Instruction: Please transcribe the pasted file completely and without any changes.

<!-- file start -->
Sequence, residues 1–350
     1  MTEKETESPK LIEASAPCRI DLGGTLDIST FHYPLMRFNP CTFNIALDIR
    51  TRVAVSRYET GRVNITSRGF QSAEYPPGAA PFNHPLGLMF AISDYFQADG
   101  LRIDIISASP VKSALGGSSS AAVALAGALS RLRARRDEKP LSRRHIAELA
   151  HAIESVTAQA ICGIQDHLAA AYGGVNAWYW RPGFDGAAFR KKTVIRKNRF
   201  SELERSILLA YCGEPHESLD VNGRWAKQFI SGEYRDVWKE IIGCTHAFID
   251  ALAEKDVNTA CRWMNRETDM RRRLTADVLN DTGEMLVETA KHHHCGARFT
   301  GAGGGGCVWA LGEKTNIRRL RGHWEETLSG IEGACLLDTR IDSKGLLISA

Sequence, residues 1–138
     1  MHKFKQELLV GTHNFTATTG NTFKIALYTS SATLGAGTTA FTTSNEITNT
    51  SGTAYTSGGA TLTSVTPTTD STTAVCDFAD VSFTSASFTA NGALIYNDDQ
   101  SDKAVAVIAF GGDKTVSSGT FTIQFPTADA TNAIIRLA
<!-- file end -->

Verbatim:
Sequence, residues 1–350
     1  MTEKETESPK LIEASAPCRI DLGGTLDIST FHYPLMRFNP CTFNIALDIR
    51  TRVAVSRYET GRVNITSRGF QSAEYPPGAA PFNHPLGLMF AISDYFQADG
   101  LRIDIISASP VKSALGGSSS AAVALAGALS RLRARRDEKP LSRRHIAELA
   151  HAIESVTAQA ICGIQDHLAA AYGGVNAWYW RPGFDGAAFR KKTVIRKNRF
   201  SELERSILLA YCGEPHESLD VNGRWAKQFI SGEYRDVWKE IIGCTHAFID
   251  ALAEKDVNTA CRWMNRETDM RRRLTADVLN DTGEMLVETA KHHHCGARFT
   301  GAGGGGCVWA LGEKTNIRRL RGHWEETLSG IEGACLLDTR IDSKGLLISA

Sequence, residues 1–138
     1  MHKFKQELLV GTHNFTATTG NTFKIALYTS SATLGAGTTA FTTSNEITNT
    51  SGTAYTSGGA TLTSVTPTTD STTAVCDFAD VSFTSASFTA NGALIYNDDQ
   101  SDKAVAVIAF GGDKTVSSGT FTIQFPTADA TNAIIRLA